For there to be an opportunity to be abused by clergy in the first place, there will almost invariably have been a personal or family involvement with a church. This implies some assent to (a) the traditional Christian teaching, eg God as Father, Son and Holy Spirit, (b) the concept of Christian community, and (c) the understanding of the clergyman as a good, trustworthy person, well versed in the role of ‘caring for the flock’, a spokesman for God, the giver of safe and godly advice, and the possessor of special knowledge and powers. When this whole set of relationships and meanings is destroyed by betrayal of trust, there is great distress and confusion: the core of the world view must be re-constructed. Bishop Robinson speaking at the 1998 Melbourne Breaking the Boundaries Conference said ‘Sexual abuse is a bulldozer gouging a road through this fragile ecosystem of sexuality, love and meaning’ Culture: Women in the churches have been taught for centuries both to accept the male view of spiritual matters, and to tend men’s sexual needs.
Most Christian churches have been based on the spiritual primacy of men over women. The more literally Scripture is taken, the likelier it is that that the concept of male headship is important – within families and within churches. Even where women have been ‘allowed’ a pastoral role, this embedded culture does not disappear. Men through the whole language of the church (Father God, King of Heaven, etc) know at a deep and possibly unrecognised level that they as males are identified by the Church with this God’s authority in a way that women are not. And women know this too. These factors are likely to have influenced women who have been drawn into a sexual encounter or relationship with a clergyman. They may have allowed advances, perhaps against their own better judgement, or even welcomed them, often because of some sense that closeness to God’s representative might enable them to be closer to God (which is why they go to church in the first place), and to experience some deep healing of earlier hurts. Clergymen are people whose very role says ‘you can trust me’ and ‘I will show you the way to God’. They have been trusted to ‘know best.’ Outcomes: Summarised research on results of sexual abuse by professionals (including clergy) by Ellen Luepker in 1996 indicated that between 1/3 and 1/2 of respondents ‘changed their denomination’. For the church, if it really wishes to know what happens to the faith of victims, it is necessary to explore this in more depth. That brief phrase gives little inkling of the tortured path to be negotiated by survivors as they re-construct a set of meanings and metaphors that are life-giving, while discarding those which, however precious, have been polluted beyond repair.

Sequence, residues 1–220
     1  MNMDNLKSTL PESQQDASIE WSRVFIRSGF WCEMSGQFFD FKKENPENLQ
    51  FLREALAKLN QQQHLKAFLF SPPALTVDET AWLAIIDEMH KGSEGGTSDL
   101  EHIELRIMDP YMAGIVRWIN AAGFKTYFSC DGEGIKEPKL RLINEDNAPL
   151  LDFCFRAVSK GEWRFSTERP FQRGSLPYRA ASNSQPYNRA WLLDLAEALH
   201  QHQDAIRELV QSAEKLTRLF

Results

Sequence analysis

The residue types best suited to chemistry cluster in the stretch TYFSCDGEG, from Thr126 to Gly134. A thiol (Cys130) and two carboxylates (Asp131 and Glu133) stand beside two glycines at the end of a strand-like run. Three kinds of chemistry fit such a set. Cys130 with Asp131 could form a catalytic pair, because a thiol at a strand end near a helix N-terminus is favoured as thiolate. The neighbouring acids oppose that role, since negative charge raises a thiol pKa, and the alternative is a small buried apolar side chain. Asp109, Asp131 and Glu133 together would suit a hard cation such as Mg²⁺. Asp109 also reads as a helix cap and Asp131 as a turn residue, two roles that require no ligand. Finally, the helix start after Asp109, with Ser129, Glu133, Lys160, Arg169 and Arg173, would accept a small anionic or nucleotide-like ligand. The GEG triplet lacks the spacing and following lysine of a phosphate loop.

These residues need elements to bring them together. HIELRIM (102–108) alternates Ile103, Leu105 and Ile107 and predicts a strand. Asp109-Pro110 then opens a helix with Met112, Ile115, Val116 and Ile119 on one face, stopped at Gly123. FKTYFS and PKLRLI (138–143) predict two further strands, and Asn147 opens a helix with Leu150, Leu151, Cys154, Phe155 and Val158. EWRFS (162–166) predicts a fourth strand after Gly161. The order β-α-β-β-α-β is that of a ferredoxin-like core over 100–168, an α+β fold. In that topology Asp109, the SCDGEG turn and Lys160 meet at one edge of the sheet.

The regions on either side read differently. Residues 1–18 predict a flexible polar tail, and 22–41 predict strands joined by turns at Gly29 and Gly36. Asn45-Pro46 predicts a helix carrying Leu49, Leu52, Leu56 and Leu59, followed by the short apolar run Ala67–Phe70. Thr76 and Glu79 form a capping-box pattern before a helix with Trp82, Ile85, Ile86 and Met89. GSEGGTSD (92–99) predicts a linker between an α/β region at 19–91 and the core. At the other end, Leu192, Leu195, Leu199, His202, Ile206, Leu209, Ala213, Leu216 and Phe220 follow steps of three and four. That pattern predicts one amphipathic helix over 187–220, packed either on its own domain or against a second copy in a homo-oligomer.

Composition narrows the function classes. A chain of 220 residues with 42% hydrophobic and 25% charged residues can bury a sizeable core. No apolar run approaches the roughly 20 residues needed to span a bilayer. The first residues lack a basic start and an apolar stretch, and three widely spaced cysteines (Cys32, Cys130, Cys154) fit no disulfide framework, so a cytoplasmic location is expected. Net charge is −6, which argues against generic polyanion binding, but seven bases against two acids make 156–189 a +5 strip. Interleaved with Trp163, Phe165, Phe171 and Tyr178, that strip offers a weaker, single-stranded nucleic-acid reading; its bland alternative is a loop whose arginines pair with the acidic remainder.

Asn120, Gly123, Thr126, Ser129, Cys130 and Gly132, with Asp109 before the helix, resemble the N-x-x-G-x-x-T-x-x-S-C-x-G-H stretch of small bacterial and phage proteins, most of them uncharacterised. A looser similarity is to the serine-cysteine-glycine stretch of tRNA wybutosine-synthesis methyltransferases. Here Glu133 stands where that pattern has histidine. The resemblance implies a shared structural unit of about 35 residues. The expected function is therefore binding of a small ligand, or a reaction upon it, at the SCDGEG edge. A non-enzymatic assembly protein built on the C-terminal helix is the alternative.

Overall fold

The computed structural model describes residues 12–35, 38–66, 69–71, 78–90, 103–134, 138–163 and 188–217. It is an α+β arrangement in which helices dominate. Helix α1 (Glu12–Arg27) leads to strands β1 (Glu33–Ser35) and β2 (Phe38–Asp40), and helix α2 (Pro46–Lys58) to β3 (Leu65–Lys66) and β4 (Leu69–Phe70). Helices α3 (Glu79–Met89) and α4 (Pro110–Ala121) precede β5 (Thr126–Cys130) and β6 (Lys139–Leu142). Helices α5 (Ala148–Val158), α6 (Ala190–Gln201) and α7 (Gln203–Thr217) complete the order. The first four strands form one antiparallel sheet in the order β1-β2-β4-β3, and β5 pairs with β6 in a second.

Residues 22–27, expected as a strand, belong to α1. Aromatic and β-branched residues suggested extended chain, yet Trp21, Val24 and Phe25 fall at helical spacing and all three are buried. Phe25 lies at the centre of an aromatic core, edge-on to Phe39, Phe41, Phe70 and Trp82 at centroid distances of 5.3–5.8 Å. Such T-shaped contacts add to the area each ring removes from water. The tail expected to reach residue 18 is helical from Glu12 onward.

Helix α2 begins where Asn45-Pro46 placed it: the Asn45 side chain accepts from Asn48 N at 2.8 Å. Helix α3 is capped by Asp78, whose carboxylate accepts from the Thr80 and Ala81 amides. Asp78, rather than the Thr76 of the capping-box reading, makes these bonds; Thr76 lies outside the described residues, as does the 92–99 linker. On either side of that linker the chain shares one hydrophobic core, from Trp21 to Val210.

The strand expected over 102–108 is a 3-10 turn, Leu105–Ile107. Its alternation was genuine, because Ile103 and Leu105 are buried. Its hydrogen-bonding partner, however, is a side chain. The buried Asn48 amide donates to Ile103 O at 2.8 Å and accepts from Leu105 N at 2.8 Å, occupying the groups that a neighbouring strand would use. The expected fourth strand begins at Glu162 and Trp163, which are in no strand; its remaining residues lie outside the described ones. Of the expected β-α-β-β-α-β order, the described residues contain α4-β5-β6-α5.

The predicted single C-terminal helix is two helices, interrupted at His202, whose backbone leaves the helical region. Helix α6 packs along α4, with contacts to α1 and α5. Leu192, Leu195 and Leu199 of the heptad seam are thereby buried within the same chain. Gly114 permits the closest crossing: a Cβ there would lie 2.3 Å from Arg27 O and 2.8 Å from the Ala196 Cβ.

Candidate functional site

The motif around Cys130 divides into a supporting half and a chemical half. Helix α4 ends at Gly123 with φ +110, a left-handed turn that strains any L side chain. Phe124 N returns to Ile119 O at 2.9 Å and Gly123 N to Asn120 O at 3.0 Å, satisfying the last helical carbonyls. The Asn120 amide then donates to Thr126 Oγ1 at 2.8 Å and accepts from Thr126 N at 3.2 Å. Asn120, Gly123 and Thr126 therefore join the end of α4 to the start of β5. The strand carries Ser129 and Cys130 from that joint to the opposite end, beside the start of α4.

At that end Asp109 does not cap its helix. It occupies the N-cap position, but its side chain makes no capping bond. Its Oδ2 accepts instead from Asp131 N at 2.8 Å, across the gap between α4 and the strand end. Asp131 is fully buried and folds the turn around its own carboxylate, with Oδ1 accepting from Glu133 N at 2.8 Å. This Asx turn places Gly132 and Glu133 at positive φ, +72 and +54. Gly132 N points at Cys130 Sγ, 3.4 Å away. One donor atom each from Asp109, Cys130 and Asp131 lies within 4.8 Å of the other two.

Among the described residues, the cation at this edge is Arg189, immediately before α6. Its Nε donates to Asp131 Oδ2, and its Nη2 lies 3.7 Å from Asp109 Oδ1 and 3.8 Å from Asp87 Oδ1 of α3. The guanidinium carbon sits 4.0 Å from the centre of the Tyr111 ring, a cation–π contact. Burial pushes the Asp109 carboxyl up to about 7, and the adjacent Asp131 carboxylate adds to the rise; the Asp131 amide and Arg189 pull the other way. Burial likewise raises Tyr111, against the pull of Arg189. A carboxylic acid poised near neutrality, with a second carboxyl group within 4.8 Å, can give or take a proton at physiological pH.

Damage inflicted by a clergyman who stands at the intersection of the worlds of God, church and men causes not just ripples but tidal waves in all directions, destroying the victim’s perceptions of previously safe realities of God, Church and community. The long journey of healing for a sexual abuse survivor can lead through many stages of discovering a new spiritual path. The effects of clergy sexual abuse on women’s religious beliefs and practices are influenced by the extent of their faith in, and commitment to God, Jesus, the church, its teaching, and the clergy.
Fowler’s Stages of Faith may be a useful lens for a spiritual director through which to view the results of this abuse. The degree of already internalised relationship with the spiritual dimension, and the stage of development of trust in one’s own inner process will have a bearing on what faith and practices can survive separation from faith in ministers and faith in churches. For some women, these are so closely intertwined that when one goes they all go. It seems thisis a likely outcome when the abuse is experienced in childhood, though a much later adult re-approach to a Christian community is sometimes initiated.